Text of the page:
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HCA1001 : Slavery

  • Offered for Year: 2022/23
  • Module Leader(s): Dr Jane Webster
  • Lecturer: Dr Christina Mobley, Dr Willow Berridge
  • Owning School: History, Classics and Archaeology
  • Teaching Location: Newcastle City Campus
Semester 1 Credit Value: 20
ECTS Credits: 10.0


This module explores slavery in the ancient, modern and early modern and modern periods. It is global in scope, introducing students to the experience and practise of slavery in Europe, Africa and the Americas. It will provide insight into the ideologies, practises and social structures that helped constitute the many different forms of slavery in these multiple eras and regions, and explore as far as is possible the lived experiences of slaves themselves.

Outline Of Syllabus

Will include some of the following:

Slavery in Classical Rome
Slavery in Africa
The Transatlantic Slave Trade
Caribbean Slavery
Slavery in Brazil
Slavery in the United States
Plantation Slavery: History and Archaeology
Abolitionism in Europe and the Americas

Teaching Methods

Teaching Activities
Category Activity Number Length Student Hours Comment
Guided Independent StudyAssessment preparation and completion301:0030:00N/A
Scheduled Learning And Teaching ActivitiesLecture221:0022:00PinP
Guided Independent StudyAssessment preparation and completion501:0050:00N/A
Guided Independent StudyDirected research and reading541:0054:00N/A
Guided Independent StudyDirected research and reading331:0033:00Formative practice - 3 hrs a week of required seminar reading.
Scheduled Learning And Teaching ActivitiesSmall group teaching111:0011:00PinP Seminars
Teaching Rationale And Relationship

Lectures - impart core knowledge and an outline of the knowledge that students are expected to acquire and they stimulate development of listening and note-taking skills.

SEMINARS encourage independent study and promote improvements in oral presentation, interpersonal communication, problem-solving skills, research skills and adaptability.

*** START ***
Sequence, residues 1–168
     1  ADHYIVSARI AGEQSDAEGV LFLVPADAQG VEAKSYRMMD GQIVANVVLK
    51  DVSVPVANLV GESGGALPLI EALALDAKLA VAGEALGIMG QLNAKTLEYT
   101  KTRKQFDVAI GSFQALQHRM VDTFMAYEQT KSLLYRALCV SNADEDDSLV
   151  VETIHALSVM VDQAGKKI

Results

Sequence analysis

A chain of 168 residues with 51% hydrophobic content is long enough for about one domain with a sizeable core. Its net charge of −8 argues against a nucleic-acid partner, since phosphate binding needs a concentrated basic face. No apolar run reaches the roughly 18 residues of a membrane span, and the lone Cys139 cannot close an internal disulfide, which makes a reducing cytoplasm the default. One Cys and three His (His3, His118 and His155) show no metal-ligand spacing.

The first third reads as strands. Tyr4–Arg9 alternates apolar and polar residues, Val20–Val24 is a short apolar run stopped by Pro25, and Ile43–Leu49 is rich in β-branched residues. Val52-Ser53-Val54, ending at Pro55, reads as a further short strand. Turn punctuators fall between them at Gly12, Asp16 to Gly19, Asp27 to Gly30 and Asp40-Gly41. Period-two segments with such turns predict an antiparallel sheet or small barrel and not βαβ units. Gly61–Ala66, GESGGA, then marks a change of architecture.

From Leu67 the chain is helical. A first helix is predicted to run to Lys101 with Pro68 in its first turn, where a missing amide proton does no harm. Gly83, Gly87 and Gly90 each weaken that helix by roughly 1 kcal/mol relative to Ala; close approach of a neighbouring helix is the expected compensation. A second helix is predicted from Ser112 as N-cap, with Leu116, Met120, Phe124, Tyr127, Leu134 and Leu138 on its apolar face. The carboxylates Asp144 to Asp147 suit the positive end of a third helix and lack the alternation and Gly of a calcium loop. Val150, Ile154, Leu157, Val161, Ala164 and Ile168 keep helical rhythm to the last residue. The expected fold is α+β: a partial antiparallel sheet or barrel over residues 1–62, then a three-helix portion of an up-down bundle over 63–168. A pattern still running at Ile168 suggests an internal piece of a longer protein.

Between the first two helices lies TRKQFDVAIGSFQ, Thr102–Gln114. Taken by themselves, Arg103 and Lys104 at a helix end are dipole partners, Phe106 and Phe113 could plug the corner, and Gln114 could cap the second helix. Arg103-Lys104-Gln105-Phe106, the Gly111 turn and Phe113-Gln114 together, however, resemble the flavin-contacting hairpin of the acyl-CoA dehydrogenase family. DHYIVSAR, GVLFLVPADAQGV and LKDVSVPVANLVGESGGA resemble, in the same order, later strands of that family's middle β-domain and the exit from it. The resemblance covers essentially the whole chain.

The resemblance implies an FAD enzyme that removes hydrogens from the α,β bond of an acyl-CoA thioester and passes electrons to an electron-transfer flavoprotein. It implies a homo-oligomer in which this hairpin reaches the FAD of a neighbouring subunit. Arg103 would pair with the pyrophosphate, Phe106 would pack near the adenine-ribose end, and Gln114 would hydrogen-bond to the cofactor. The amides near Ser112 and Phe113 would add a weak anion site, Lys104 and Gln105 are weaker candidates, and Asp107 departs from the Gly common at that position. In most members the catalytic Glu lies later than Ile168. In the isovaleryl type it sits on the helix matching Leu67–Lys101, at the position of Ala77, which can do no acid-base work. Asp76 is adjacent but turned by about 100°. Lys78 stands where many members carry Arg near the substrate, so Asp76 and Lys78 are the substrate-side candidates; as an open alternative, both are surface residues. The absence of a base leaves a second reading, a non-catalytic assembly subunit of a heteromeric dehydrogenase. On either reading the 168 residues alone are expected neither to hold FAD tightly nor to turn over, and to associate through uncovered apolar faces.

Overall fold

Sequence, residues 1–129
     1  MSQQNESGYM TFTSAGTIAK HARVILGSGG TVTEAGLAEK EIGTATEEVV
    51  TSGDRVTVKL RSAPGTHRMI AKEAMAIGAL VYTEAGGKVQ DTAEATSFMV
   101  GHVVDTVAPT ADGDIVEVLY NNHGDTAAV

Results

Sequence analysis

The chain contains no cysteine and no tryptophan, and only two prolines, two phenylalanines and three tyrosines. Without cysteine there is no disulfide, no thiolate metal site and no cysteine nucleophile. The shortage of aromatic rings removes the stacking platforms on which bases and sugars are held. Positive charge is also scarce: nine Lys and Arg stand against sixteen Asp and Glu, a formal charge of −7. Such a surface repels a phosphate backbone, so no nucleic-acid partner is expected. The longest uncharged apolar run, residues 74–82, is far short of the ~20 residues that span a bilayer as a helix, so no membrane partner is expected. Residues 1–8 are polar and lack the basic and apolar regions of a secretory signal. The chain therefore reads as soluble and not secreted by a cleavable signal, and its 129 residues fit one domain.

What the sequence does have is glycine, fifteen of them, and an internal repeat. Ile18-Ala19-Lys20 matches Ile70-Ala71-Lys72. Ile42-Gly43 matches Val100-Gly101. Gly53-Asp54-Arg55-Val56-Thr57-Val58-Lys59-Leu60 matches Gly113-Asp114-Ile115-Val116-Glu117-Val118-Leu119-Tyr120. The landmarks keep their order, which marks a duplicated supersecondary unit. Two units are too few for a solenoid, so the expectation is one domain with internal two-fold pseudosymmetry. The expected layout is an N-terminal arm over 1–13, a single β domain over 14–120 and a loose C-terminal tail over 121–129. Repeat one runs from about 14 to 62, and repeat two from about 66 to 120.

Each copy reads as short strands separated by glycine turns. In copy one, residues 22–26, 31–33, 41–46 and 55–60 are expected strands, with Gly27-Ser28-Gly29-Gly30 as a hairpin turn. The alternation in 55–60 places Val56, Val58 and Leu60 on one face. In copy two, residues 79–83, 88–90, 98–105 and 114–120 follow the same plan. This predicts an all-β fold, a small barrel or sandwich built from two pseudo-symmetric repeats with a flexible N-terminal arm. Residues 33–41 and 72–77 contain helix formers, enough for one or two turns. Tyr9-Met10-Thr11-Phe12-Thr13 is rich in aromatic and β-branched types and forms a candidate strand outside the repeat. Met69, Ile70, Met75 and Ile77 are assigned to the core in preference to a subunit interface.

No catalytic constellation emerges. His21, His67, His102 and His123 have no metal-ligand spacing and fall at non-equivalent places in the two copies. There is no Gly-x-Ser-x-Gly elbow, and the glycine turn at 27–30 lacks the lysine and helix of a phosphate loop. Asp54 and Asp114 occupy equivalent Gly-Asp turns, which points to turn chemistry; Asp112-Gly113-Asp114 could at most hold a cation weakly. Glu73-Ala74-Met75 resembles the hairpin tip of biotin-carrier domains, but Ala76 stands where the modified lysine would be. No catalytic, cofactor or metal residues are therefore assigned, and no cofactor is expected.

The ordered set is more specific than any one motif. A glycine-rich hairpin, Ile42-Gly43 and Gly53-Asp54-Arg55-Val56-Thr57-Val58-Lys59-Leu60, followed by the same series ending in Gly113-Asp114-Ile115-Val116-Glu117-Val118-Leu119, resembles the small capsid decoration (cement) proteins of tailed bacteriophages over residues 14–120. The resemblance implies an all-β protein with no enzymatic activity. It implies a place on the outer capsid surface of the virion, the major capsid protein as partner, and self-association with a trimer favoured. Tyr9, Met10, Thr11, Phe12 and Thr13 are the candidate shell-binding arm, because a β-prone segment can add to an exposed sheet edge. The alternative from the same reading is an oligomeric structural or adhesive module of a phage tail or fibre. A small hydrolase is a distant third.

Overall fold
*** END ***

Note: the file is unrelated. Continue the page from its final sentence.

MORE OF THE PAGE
In-person seminars facilitate discussion, teamworking etc, and having 2 opportunities a week to meet in a classroom for lectures will encourage cohesion among a brand new cohort (this is a semester 1 module), facilitating dialogue and discussion in seminar settings. Note also that this is a Semester 1 team-taught module, taught by a team of 4, one of whom has an adjustment (for personal reasons) exempting her from producing recorded content (which would lead to variable delivery, and timetabling confusion if we opted for recorded lecture content some weeks and not others).
All lecture content is recorded, and therefore available for consolidation or (if a student cannot attend) as a supplement to being present.

Assessment Methods

The format of resits will be determined by the Board of Examiners

Other Assessment
Description Semester When Set Percentage Comment
Essay1A502,000 words (including footnotes but excluding bibliography)
Written exercise1M50Exercise exploring Digital Humanities resources on slavery (1500 words)
Formative Assessments
Description Semester When Set Comment
Computer assessment1MWeekly Canvas Quiz (no word count)
Assessment Rationale And Relationship

Submitted work develops key skills in research, reading and writing and assesses intended knowledge and skills outcomes including independent thinking and the ability to critically evaluate the concepts and sources introduced in the module. Assessment I (Digital Humanities) encourages students to engage with scholarly resources beyond books, and to consider how data are collated and presented, and how scholars can use these resources. The essay allows students to focus in more depth on an aspect of the module: they must use data from at least two time periods and geographic zones, thereby broadening their knowledge and learning how to compare and contrast data from different periods. The formative assessment scaffolds for Assessment 2, a 2000 word essay. The seminar readings and allied quizzes support the Assessment 2 essay questions. The quizzes help students to develop critical thinking skills, and give them confidence in terms of articulating their learning in class.

Study-abroad, non-Erasmus exchange and Loyola students spending semester 1 only are required to finish their assessment while in Newcastle. Where an exam is present, an alternative form of assessment will be set and where coursework is present, an alternative deadline will be set. Details of the alternative assessment will be provided by the module leader.

Reading Lists